Guest Spot: Jenks Miller discusses five “heavier than metal” albums

Horseback: The Gorgon Tongue: Impale Golden Horn + Forbidden PlanetHorsebackThe Gorgon Tongue: Impale Golden Horn + Forbidden Planet (Relapse, 5/10/11)

Horseback: “The Golden Horn”

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As a member of both psych-metal band Horseback and folk-rock outfit Mount Moriah, North Carolina-based guitarist Jenks Miller is versatile, to say the least. In our recent review of Horseback’s new album, a combination of two past albums entitled The Gorgon Tongue, Miller’s Jekyll-and-Hyde tendency is lauded — one minute brooding and drone, another supremely melodic, almost poppy. In this Guest Spot, Miller explores his history with the darker, more chaotic side of music, laying bare the essential beauty of the extreme.

Heavier than Metal
by Jenks Miller of Horseback and Mount Moriah

As a young metal-head, I had a voracious appetite for heavy sounds. I wanted sounds that were too raw for comfortable listening, sounds that challenged me, sounds that were obscene. I wanted to find an extreme point on the musical landscape.  My search led me from speed metal to doom, to black and death metal, and back again. I wound up with a few non-metal (that is, “avant-garde”) records along the way, but many of these were so obtuse that they seemed almost impossible to listen to. Where were the riffs?! I remember buying SwansCop and being so turned off by that record’s grinding repetition that I couldn’t make it through an entire track.

But there was something about that record, and the other more bizarre records that had found their way into my collection: something made me hold on to them, made me return to them again and again until my own life got ugly enough for those records to resonate with me.

At that point, I realized what the “heaviness” I had been seeking really was. It wasn’t extremity for the sake of extremity, after all; it wasn’t even the sort of earth-moving guitar sound that one finds on most metal records. Rather, it was the sound of my own existential dread reflected back across the universe. It was the perverse acknowledgment that my attitude as a youth was shared by others, the multitude of artists obscured in the far corners of popular culture, lost in flecks of radio static.

With time, these records began to feel brutally honest and vulnerable, then beautiful. I learned their language, from the groan of saturated, bass-frequency sludge to the shriek of barely controlled microphone feedback. Now they’re not so difficult to listen to. The records listed below are just a small sample of music from the far reaches, music that’s even heavier than metal.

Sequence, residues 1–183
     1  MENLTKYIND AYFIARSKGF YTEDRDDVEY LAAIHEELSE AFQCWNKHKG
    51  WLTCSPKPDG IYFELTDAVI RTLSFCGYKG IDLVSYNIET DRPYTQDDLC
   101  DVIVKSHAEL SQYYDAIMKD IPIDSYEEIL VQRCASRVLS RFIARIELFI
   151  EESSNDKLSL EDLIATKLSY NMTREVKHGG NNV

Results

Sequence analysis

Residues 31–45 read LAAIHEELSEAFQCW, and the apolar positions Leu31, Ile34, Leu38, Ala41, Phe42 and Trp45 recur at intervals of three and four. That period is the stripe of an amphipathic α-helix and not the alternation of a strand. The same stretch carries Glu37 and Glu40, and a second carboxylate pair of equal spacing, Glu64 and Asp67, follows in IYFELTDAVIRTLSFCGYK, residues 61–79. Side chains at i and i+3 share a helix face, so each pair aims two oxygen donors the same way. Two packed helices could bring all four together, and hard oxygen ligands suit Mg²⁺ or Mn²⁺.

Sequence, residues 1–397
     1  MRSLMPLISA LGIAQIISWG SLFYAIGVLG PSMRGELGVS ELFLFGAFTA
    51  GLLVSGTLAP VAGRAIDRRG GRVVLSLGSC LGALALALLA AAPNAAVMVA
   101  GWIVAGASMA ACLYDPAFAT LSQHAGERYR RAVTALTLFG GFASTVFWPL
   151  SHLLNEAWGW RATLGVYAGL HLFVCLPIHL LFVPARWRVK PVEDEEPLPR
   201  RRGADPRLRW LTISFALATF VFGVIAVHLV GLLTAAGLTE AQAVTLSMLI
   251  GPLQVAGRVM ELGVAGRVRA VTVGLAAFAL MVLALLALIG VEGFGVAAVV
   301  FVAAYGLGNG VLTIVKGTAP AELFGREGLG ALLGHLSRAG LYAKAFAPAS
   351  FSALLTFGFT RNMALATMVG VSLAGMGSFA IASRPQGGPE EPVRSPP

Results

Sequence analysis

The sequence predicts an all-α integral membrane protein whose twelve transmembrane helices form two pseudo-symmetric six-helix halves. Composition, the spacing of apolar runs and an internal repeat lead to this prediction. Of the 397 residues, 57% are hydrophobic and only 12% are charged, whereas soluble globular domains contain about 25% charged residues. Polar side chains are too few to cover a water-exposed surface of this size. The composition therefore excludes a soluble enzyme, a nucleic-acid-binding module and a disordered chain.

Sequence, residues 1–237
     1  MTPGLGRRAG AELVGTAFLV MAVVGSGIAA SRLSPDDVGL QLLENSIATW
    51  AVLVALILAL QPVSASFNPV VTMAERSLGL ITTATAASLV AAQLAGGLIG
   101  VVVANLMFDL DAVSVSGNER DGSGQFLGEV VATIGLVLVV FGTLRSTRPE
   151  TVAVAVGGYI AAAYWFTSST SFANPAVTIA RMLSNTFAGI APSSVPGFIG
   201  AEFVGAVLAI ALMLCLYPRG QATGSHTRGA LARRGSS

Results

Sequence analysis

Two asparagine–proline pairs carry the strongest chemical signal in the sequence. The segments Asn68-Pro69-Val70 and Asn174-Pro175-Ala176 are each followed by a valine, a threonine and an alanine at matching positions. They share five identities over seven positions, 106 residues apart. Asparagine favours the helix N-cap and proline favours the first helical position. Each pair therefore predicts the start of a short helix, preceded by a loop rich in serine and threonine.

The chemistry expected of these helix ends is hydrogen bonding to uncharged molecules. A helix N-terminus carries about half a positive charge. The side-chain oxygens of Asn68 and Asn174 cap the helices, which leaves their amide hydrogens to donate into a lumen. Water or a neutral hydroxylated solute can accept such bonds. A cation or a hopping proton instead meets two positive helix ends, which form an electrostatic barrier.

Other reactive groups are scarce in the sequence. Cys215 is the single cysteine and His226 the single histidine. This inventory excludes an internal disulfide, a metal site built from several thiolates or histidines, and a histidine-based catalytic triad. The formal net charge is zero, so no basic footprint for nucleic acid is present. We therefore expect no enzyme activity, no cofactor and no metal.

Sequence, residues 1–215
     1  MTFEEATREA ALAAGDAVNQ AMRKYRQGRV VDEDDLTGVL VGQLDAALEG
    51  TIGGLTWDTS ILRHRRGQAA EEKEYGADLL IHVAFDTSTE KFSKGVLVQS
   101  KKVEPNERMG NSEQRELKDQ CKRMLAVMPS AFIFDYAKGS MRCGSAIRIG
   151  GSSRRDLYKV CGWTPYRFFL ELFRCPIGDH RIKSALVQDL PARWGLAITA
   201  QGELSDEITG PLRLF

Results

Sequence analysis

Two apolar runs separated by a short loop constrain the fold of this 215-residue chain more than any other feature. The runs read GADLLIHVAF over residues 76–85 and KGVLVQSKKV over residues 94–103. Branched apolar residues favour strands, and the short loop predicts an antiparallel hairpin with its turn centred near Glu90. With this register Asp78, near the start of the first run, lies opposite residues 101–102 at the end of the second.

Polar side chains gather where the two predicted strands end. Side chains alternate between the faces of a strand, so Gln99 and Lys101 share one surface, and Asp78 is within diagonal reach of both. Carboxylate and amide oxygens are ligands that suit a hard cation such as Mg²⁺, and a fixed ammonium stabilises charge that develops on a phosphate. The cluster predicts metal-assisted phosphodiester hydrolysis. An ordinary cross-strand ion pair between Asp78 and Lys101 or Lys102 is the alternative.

Peter Brötzmann Octet: Machine Gun1. Peter Brötzmann Octet: Machine Gun (BRÖ, 1968)

Originally released on Brötzmann’s own imprint, Machine Gun has since been revisited and reissued by a number of labels over the years. The opening salvo, a furious saxophone blast that mimics the sounds produced by the titular killing machine, eventually gives way to crashing percussion and wildly improvised free jazz. There is a violent, frenzied quality to this recording that makes it both captivating and unpredictable.

Swans: Public Castration is a Good Idea2. SwansPublic Castration Is a Good Idea (Burn One, 1986)

Recorded during a UK tour in 1986, Public Castration is the ultimate documentation of the Swans’ live experience. Though Michael Gira went on to pursue a more melodic approach to songwriting in both Swans and Angels of Light, the music here is primal, bludgeoning, and relentless. Gira bellows slogan-like outbursts across a sea of noise, like a wounded animal lashing out against his encroaching adversaries. Minimal, droning instrumentation and a bass-heavy, blown-out, and claustrophobic recording anticipated welcome developments in the metal genre over the past decade.

Fushitsusha: Pathétique/Hisou3. FushitsushaPathétique/Hisou (PSF, 1994)

Keiji Haino’s noise-rock power trio produced some of the most otherworldly music in the rock canon. Pathétique is particularly powerful, coming over like a misremembered blues jam performed on medieval weaponry. It’s the sound of reinvention.



Prurient: Black Vase4. PrurientBlack Vase (Load, 2005)

Black Vase owes a great deal to power-electronics pioneers Whitehouse, but its confrontational opening track, a fifteen-minute laser beam of concentrated microphone feedback, ventures further into depravity than even the notorious British bruisers. A self-destructive move like this might be laughable if it didn’t also dare the listener to endure its excesses. Essential audio torture, guaranteed to make you a worse human being.


Scott Walker: The Drift

5. Scott WalkerThe Drift (4AD, 2006)

Scott Walker’s transformation from a teen heart-throb to a reclusive mad genius later in life is truly remarkable (this transformation was chronicled in the 2006 documentary 30th Century Man). The Drift, anticipated only by his own Climate of Hunter and Tilt records years before, finds Walker disappearing into a fractured sonic landscape, his deep, crooning voice a pallid ghost within a flesh-eating machine. In the track “Clara,” percussionist Alasdair Malloy is credited with “meat punching.”  Malloy literally punches a slab of meat in that track, producing wet, slapping sounds that are unnerving even if one is ignorant of their origins. This is not music for the squeamish.

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